The second CO will consider the learnings from the 1st CO as well as the issues that need to be addressed to successfully deliver the 1st phase of the “trial” stage of the EBLN scheme as well as the metrics to evaluate GREENGAGE COs (as in WP6). Ensuring a representative participation, the pilot owners will attempt to monitor and explore the effects of the interventions performed by the EBLN scheme, in other words validate whether those interventions are delivering positive effects in line with policy objectives for a more equitable city, and just transition towards becoming climate neutral by 2030. This should inspire local authorities to adopt and adapt the scheme to the contexts of their neighbourhoods considering policy demands for climate mitigation.

Who we are?

The Citizen Observatories (COs) in Bristol will demand the involvement of different societal groups from beginning to end. People will not only contribute gathering data with devices or answering to surveys, but they will also help co-designing the hypothesis and associated experiments/campaigns to allow their validation or rebuttal.  

We are looking for: 

  • residents most affected or concerned by EBLN the trial scheme,  
  • historically underrepresented or marginalized groups such as families and young people or diverse ethnic communities, 
  • members of community anchor organisations.

What will we do?

Analyse and visualise impact of road closures on mobility patterns (journey quality)

The system will use historical mobility data and road closure data and analyse mobility patterns before and after road closures. It will also compare traffic flow, travel times, and congestion levels before and after road closures as well as identify any significant changes in mobility patterns and potential causes. It will visualise and report the results to stakeholders and decision-makers.

Possible steps:  

  • User opens visualisation tool  
  • User loads data for visualisation  
  • User selects analysis mode (mobility patterns, traffic flow, congestion levels etc)
  • User downloads / exports analysis information (images, spreadsheets etc)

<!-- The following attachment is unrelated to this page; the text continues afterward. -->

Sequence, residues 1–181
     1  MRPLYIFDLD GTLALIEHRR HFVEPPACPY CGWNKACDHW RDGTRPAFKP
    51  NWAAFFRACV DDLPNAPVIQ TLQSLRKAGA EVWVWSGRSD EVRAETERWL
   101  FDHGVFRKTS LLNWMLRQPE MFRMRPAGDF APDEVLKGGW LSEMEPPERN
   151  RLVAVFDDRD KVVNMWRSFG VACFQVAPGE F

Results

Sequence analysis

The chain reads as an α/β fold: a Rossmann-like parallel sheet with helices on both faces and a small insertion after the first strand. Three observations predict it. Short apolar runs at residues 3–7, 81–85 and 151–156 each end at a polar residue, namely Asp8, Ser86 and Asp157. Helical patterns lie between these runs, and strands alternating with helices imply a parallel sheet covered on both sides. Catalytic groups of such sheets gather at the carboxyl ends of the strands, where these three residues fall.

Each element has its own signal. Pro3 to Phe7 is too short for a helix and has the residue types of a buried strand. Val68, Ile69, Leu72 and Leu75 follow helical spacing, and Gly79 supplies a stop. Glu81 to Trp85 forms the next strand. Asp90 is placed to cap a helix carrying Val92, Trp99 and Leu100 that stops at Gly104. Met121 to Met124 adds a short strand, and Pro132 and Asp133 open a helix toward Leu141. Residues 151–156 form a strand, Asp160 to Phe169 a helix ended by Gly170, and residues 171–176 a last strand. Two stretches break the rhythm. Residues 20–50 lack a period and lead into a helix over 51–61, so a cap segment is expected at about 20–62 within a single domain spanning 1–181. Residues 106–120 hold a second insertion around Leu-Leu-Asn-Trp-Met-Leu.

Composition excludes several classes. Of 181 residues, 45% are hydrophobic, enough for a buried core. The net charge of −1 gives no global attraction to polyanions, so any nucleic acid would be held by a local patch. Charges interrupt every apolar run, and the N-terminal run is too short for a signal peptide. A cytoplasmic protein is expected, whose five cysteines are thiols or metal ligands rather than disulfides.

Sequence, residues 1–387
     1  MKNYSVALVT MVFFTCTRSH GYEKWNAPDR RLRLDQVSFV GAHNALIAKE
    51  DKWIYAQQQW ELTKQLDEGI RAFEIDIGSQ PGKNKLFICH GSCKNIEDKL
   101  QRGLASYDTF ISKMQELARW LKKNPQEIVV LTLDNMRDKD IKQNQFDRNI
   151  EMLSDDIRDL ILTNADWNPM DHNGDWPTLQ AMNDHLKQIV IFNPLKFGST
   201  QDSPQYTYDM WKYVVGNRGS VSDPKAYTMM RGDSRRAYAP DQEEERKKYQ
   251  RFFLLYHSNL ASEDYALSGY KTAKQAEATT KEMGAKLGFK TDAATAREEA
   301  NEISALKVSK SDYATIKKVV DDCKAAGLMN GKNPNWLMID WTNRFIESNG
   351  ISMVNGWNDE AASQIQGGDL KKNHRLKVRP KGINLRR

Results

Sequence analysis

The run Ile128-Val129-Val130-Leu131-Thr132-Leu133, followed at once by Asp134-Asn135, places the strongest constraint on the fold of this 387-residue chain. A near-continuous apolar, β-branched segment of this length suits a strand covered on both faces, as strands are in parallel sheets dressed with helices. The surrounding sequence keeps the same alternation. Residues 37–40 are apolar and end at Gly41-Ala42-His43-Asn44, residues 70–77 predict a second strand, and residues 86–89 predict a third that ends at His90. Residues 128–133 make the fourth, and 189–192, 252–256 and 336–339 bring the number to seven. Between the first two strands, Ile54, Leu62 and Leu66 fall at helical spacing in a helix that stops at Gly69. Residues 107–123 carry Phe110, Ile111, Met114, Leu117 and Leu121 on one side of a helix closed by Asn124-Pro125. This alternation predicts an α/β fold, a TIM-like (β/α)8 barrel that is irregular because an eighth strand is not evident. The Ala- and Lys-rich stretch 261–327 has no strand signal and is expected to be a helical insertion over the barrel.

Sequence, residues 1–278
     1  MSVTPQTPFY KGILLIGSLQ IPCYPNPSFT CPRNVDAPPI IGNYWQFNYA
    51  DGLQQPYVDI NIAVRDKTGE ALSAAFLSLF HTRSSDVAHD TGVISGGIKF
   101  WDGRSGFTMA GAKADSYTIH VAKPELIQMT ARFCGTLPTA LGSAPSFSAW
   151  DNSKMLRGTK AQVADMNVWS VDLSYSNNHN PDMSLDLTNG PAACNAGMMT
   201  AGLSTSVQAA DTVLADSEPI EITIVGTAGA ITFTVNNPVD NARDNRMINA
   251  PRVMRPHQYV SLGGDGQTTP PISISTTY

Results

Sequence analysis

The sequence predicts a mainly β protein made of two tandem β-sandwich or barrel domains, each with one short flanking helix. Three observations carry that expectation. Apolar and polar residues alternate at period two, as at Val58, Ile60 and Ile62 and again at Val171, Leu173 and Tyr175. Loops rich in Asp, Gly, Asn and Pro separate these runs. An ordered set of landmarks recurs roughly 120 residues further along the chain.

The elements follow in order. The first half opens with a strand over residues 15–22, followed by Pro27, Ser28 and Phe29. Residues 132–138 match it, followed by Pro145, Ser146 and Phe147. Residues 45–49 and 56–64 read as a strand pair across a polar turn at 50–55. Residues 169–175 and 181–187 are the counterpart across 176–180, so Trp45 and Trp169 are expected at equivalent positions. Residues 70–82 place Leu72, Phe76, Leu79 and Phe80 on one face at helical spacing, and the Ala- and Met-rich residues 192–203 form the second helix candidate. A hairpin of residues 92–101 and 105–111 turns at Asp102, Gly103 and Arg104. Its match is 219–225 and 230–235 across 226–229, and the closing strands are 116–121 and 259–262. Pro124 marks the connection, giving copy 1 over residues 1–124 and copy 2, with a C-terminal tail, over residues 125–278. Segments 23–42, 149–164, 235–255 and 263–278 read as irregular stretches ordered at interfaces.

Air quality/ Environment monitoring 

Monitor and visualise air quality of the neighbourhood at different times (e.g. at different times of the day, for different congestion levels etc).  

Monitor environment and identify safety / threat levels  

Analyse threat levels of various neighbourhoods and visualise for further analyses and input to policy-making.

Mobility Pattern Analysis to determine accessibility to shops, schools, services, and other local amenities  

Use techniques such as GPS tracking and to determine routes that citizens take to local amenities and identify improvements. Categorise routes by mode of transport and analyse alternative travel modes.


  • By partnering with local communities and especially empowering people from marginalised groups such as children and families in East Bristol to meaningfully participate in the co-creation of EBLN, the pilot expects to increase trust in the scheme and insights on the effects of interventions (e.g., removing cut through routes for non-local vehicle traffic) on local people’s everyday lives.  
  • By preparing, testing, and evaluating the community-led performance of mitigation policies through EBLN, the pilot owners will gain understanding of success criteria of LN projects that will be shared through a Handbook for LN. Learnings will feed into of the city-wide scheme of Liveable Neighbourhoods and inform future plans, policies and strategies in the context of LN that are already planned for South Bristol. 
  • By engaging citizens and community anchor organisations not only through data collection but in various ways in urban planning processes, local interventions will become more responsive to concerns and visions expressed by local communities. This is expected to strengthen BCC’s aspirations of enabling co-creation of liveable neighbourhoods together with the local population and should lead towards manifested long-term citizen participation modes as integral part of municipal governance, e.g., through Citizen Assemblies which democratise urban planning and politicise citizen engagement. 
GREENGAGE Citizen Observatory Journey